Well, I might as well get the Boulmer info over with, because the birds there have been well and truly eclipsed by the Cresswell Shrike.
Yesterday the day was fine with a light SW breeze. Some early cloud moved off to leave a pleasant afternoon.
A short walk around the North End with Rob and the dogs had a pair of Goosander N, 1 Little Auk on the sea briefly before flying south and a male Velvet Scoter N.
The highlight though came as we rounded the top and an unfamiliar trilling call could be heard. Vaguely reminiscent of a waxwing I assumed that it came from the two turnstones chasing around nearby. I was very suprised to scan with the bins and find two imm male Kingfishers facing up each other on the rock edges.(155) A proper patch tick here for me and completely out of the blue ( no pun intended). They sat with bills pointing away in a stiff pose seemingly mirroring each other before flying off, chasing each other along the shore to the north.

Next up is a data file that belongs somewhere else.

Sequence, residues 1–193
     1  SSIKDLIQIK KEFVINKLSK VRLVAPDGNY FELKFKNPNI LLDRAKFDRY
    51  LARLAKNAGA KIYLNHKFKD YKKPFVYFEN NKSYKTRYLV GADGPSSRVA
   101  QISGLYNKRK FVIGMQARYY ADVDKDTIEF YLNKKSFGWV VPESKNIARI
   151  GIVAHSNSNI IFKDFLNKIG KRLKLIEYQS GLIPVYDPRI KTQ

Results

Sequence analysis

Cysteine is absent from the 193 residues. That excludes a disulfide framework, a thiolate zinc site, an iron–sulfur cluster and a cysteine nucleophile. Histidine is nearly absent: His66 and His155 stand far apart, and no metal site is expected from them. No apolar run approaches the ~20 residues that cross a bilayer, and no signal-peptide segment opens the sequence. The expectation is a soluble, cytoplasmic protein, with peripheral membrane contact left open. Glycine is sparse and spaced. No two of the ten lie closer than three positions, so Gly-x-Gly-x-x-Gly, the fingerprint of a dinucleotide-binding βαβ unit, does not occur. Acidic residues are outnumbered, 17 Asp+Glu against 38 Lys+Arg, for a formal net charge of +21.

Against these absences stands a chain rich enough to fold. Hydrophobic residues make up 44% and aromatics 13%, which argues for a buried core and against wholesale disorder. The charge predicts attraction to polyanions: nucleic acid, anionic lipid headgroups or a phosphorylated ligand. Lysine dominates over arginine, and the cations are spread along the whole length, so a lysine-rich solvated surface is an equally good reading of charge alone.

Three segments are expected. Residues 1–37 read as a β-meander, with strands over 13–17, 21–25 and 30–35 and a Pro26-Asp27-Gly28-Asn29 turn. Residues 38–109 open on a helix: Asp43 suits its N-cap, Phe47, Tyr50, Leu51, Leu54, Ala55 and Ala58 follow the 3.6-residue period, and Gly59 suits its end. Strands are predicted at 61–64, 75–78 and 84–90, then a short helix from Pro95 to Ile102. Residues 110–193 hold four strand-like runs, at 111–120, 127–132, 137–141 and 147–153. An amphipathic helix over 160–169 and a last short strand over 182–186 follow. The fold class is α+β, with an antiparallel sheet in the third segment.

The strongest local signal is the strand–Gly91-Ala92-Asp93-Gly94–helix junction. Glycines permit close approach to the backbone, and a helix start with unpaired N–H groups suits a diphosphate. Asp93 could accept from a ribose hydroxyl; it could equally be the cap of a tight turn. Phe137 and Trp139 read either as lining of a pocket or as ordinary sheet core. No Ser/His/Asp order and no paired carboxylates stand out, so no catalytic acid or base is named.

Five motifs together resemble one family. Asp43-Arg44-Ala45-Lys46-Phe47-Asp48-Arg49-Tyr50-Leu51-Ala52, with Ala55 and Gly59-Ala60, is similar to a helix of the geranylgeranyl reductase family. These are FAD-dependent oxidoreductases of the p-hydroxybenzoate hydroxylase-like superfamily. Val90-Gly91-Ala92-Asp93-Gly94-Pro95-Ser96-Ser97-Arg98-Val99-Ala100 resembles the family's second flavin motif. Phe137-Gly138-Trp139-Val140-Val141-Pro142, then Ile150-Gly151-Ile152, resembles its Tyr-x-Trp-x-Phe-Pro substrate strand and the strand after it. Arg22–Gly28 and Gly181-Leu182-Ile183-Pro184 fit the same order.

Above - FW Isabelline Shrike, of the race 'isabellinus' or Daurian Shrike.
Originally found last Sunday, this Isabelline Shrike was identified as a Red backed Shrike. I can only assume that the finders were unfamiliar with both, as this bird is very different to Red backed. This is the third record for Northumberland and the second this year. Fortunately this one was accessible and performing very well to the masses in the dunes opposite the Cresswell Pond car park. Even I managed some good shots, so the SLR lads must have some belters.
It spent its time eating Red Admirals, wasps and large caterpillars, though I hear that it caught and ate a linnet that was mobbing it today!